I have some ideas about those — for other books, perhaps.

The Pauline Conversion is set in a more modern era: the early 1970s, at the dawning of the twin ages of aquarius and colour television. This was a period of unrest across Britain, with strikes and power cuts and “women’s lib” and student sit-ins and hippies. (In those days you had to ask the state-run General Post Office politely if they might consent to install a telephone in your house – and then wait several weeks until they wired, directly into your wall, something you didn’t own and couldn’t unplug.)

A different Britain, and yet not so different. In the news: the economy, immigration, war, terrorism, equality, rights, democracy.

The story takes place in February 1972. The miners are on strike for more pay. Chunks of the centre of Cambridge are being bulldozed and redeveloped. Students around the city have found their voices. Change is in the air.

And in the midst of all this is Dennis Sauvage. Readers of The Pink and the Grey will remember Dennis as a man of calculatedly indeterminate vintage with an impish sense of humour and a tendency to repeat himself, repeat himself. In The Pauline Conversion we see him in his pomp, already a quarter-century under his St Paul’s belt — and with a nagging frustration his career has stalled.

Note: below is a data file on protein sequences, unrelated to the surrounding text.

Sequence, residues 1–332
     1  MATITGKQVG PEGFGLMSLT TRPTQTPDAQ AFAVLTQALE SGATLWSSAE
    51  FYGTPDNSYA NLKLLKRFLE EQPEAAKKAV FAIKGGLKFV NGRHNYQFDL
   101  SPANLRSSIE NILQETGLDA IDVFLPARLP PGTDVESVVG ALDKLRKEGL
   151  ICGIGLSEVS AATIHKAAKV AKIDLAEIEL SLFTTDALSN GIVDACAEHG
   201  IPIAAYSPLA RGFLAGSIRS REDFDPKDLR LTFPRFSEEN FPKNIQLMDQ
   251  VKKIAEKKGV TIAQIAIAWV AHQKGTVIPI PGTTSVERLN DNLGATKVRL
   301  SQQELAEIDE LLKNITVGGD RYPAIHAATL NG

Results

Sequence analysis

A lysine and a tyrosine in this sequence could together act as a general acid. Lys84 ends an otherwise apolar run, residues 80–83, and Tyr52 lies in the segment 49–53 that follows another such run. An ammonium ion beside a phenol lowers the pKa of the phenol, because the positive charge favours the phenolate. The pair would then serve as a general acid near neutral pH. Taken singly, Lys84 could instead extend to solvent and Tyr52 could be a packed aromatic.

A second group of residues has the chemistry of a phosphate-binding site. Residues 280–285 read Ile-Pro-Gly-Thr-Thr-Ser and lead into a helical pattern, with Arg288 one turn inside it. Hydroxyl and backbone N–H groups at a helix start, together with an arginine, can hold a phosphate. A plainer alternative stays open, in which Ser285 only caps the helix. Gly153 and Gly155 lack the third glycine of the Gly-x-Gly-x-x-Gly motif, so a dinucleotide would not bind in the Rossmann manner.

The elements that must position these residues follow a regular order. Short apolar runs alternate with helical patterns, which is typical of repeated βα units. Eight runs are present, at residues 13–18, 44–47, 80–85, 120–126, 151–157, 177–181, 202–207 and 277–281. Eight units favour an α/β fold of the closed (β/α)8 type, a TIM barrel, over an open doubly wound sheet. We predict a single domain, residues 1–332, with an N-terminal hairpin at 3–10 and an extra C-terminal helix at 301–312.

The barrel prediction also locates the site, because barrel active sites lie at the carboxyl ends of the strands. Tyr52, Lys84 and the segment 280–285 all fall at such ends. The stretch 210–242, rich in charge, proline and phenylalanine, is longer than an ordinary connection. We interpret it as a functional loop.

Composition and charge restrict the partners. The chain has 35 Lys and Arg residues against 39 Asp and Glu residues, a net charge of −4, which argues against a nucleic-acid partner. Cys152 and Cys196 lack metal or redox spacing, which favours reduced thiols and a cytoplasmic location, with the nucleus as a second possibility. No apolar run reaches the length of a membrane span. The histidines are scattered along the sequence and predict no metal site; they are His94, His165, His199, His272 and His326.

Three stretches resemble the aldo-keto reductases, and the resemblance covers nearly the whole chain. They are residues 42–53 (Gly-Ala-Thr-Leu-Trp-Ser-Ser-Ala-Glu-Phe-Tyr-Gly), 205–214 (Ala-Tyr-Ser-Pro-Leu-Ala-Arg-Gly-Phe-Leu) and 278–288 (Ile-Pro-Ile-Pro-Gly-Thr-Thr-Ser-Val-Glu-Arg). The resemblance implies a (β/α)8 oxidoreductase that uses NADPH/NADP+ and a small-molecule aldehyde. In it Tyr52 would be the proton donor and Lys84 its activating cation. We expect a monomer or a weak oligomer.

The book opens in mid-air as Dennis tumbles from his bike. He’s helped up by a homeless boy called Red who deserves better, and soon the academic has a cause to champion that might — might — earn him the chapter in college history he craves. (It’s either that or a dismal footnote and a retirement lobbying former students for guest appearances in their autobiographies.) But Red has secrets, and even Dennis has enemies. His cause becomes a fight for his future — and the future of college itself.

Dennis isn’t the only character from The Pink and the Grey to appear in youthful form — also present is Arthur, the porter. And many new characters, who you can discover for yourselves.